Some studies have investigated whether young children use this ability in the early developmental stages. Olson and Spelke [27] examined how children helped a protagonist doll allocate resources to other dolls; 3.5-year-olds allocated more of the protagonist doll’s resources to dolls who had shared resources with a different doll than to dolls who had kept the resources for themselves, suggesting that young children do show SIR, at least in a resource-distribution paradigm. Vaish, Carpenter, and Tomasello [28] found that 3-year-old children helped a neutral adult actor more often than an actor who intended but failed to harm a third party. The children also helped accidentally harmful and neutral actors equally often. These results suggest that children’s prosocial behavior is influenced by their evaluation of not only the outcomes, but also of the intentions behind others’ actions toward a third party. Furthermore, Kenward and Dahl [29] explored how children distribute resources between helpful and harmful puppets and whether these children could explain their distributive behavior; 4.5-year-olds tended to give more to the helpful puppets and could justify their unequal distributions by referring to the helpful puppet’s prosociality or the harmful puppet’s antisociality. This result suggests that children might reward or punish a puppet by evaluating its moral behavior toward a third party. From these studies, it is apparent that young children have high levels of social evaluative abilities and that they use these abilities when judging others as worthy recipients of prosocial behavior; this is essential to establishing SIR. However, these findings are limited to children’s interactions with puppets or adult actors in controlled situations and cannot be generalized to children’s interactions with their peers in real life.

Researchers have argued that children’s prosocial behavior differs depending on whether it is directed toward peers or adults [30]. They have also emphasized that it is among peers that children learn to execute the principles of social exchange [31], and that peer relations are characterized by interactions involving equality and prosociality [32], [33]. Therefore, for a clear and complete picture of children’s cooperative interactions through SIR, we need to examine children’s behavioral tendencies toward their own peers who have acted prosocially toward other peers. To the best of our knowledge, no study has examined whether children display such behavioral tendencies in real-life situations. Thus, in this study, we examined whether preschool children have a behavioral tendency to cooperate through SIR in the natural setting of a nursery school. Specifically, we sought to confirm the hypothesis that a bystander child will act more prosocially or affiliatively toward a peer after observing that peer’s prosocial behavior toward another peer than the same children would in a control situation.

The abilities of social evaluation or moral judgment seem to be important for establishing SIR. However, the psychological processes underlying social evaluation with regard to SIR in preschoolers have yet to be completely elucidated. By the age of 3–3.5 years, children can act according to their own social evaluations derived from third parties’ previously observed social actions [27], [28]. However, in the interview study, preschoolers were unlikely to be capable of explicit reasoning, suggesting that preschoolers cannot yet explicitly understand principles such as direct and indirect reciprocity [34]. Haidt [35], [36] proposed a social intuitionist model of moral judgment according to which moral decisions can be directly influenced by automatically generated intuitions and conscious explicit reasoning processes occur mainly after these decisions have already been made even in adults. Taking these studies into consideration, Kenward and Dahl [29] indicated that a psychological process of social evaluation in 4.5-year-old children seems to be emotional and intuitional (children simply “like” or “hate” or they may apply more a specific rule that “reward” or “punish,” but the latter is also judged through automatic processing), although they can justify their social indirect reciprocal distribution later on.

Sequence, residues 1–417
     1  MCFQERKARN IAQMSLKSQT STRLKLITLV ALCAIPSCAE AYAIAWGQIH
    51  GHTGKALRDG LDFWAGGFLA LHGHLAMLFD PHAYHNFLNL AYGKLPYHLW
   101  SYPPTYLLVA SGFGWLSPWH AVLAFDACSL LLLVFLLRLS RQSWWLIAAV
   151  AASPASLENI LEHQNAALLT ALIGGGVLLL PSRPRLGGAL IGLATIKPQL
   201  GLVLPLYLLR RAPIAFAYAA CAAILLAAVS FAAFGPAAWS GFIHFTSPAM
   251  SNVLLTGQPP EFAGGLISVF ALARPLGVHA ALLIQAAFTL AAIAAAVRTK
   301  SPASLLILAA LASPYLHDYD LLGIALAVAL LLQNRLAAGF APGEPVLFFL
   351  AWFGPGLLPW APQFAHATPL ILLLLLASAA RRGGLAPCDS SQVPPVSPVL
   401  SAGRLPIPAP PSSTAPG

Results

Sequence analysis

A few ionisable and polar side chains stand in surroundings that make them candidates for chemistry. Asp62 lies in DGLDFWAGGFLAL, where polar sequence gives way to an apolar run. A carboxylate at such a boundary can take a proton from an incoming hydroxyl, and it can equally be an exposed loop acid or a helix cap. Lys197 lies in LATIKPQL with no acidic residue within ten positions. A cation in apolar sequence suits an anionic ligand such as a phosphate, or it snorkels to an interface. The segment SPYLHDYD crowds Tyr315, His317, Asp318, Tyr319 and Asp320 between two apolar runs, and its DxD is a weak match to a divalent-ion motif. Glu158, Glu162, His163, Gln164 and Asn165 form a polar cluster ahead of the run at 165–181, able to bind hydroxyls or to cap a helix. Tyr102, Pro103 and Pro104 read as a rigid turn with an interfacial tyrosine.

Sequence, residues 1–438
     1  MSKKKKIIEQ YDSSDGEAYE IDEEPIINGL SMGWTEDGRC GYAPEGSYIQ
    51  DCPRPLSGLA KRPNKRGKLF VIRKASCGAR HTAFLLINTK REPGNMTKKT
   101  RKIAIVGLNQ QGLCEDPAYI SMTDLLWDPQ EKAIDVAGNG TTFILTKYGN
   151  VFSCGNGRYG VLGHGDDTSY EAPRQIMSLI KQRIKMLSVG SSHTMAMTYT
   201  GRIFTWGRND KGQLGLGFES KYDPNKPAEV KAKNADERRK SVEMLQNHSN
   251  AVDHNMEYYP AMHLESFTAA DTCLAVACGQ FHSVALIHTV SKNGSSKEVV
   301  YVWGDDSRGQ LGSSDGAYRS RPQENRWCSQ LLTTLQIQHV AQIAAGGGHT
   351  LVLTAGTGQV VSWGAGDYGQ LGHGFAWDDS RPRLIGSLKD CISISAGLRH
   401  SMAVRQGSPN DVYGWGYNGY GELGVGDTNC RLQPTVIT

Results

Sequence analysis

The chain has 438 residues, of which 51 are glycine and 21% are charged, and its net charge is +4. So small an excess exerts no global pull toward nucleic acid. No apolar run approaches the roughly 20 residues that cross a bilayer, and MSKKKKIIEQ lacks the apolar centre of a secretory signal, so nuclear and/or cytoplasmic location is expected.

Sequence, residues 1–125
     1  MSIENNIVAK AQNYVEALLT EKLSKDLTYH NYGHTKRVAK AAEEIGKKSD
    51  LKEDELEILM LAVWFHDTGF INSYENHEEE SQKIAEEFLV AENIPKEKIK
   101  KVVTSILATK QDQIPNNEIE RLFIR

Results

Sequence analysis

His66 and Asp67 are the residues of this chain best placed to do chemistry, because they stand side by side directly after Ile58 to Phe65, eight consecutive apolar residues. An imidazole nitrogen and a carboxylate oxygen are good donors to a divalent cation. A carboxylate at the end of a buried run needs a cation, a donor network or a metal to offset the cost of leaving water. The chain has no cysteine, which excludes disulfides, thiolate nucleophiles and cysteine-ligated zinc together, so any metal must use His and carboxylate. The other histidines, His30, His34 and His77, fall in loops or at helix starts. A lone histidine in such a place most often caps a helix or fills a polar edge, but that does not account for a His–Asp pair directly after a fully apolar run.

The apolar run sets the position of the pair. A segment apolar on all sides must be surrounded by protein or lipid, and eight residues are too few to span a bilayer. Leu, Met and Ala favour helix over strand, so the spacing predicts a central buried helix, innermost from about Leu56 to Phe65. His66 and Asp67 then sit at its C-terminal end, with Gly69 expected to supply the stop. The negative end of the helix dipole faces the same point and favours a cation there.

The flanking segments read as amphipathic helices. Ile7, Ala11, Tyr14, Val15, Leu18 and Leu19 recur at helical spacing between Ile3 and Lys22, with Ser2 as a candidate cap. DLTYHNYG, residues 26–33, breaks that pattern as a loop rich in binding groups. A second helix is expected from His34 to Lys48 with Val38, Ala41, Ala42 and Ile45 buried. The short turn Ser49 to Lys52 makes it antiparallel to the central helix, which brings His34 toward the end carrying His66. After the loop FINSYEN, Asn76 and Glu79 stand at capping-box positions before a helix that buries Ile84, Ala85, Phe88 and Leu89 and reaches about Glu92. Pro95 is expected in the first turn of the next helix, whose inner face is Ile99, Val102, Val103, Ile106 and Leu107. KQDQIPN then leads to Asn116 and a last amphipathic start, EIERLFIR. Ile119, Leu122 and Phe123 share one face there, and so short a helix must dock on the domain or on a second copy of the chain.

In this study, we considered whether emotional processes influence bystander children’s behavioral tendency toward SIR in the daily natural interactions of 5- to 6-year-olds. We recoded bystander children’s affiliative behavior as an index of positive emotions because young children generally have positive emotions toward partners at whom they are directing affiliative behavior [37]. If bystander children show affiliative behavior toward a peer who has acted in a prosocial manner toward other children, then the bystander children likely feel positive emotions toward the prosocial peer.

To strictly investigate the above predictions, we have to partial out the effects of potential factors which could affect subjects’ prosocial or affiliative behavior as possible. Therefore, we adopted the assessment of differing social outcomes in similar contexts, contrasting the occurrence and nonoccurrence of prosocial behavior by peers. Recently, the control procedure [38] has been applied in studies focusing on children [39][42]. This control procedure allows for a conclusive interpretation of the effect of peers’ prosocial behavior toward third parties on the subsequent responses of bystander children. In addition, this procedure allows for within-child comparisons. Various individual characteristics, such as sociability [43], assertiveness [44], affect the occurrence of prosocial behavior among peers. By using within-child comparisons, we can compare the same children’s interaction in two contexts, thereby eliminating the influences of individual differences.